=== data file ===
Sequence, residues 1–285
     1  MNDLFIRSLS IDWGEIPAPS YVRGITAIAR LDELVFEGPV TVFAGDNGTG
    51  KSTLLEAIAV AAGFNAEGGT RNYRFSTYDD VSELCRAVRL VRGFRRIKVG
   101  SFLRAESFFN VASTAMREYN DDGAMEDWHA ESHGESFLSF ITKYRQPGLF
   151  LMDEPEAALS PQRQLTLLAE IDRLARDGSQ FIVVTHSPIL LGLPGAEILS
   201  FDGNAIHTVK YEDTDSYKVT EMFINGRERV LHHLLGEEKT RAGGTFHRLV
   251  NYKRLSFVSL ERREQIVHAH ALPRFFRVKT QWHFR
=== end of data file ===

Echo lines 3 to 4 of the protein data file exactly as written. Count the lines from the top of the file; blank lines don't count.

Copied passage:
    51  KSTLLEAIAV AAGFNAEGGT RNYRFSTYDD VSELCRAVRL VRGFRRIKVG
   101  SFLRAESFFN VASTAMREYN DDGAMEDWHA ESHGESFLSF ITKYRQPGLF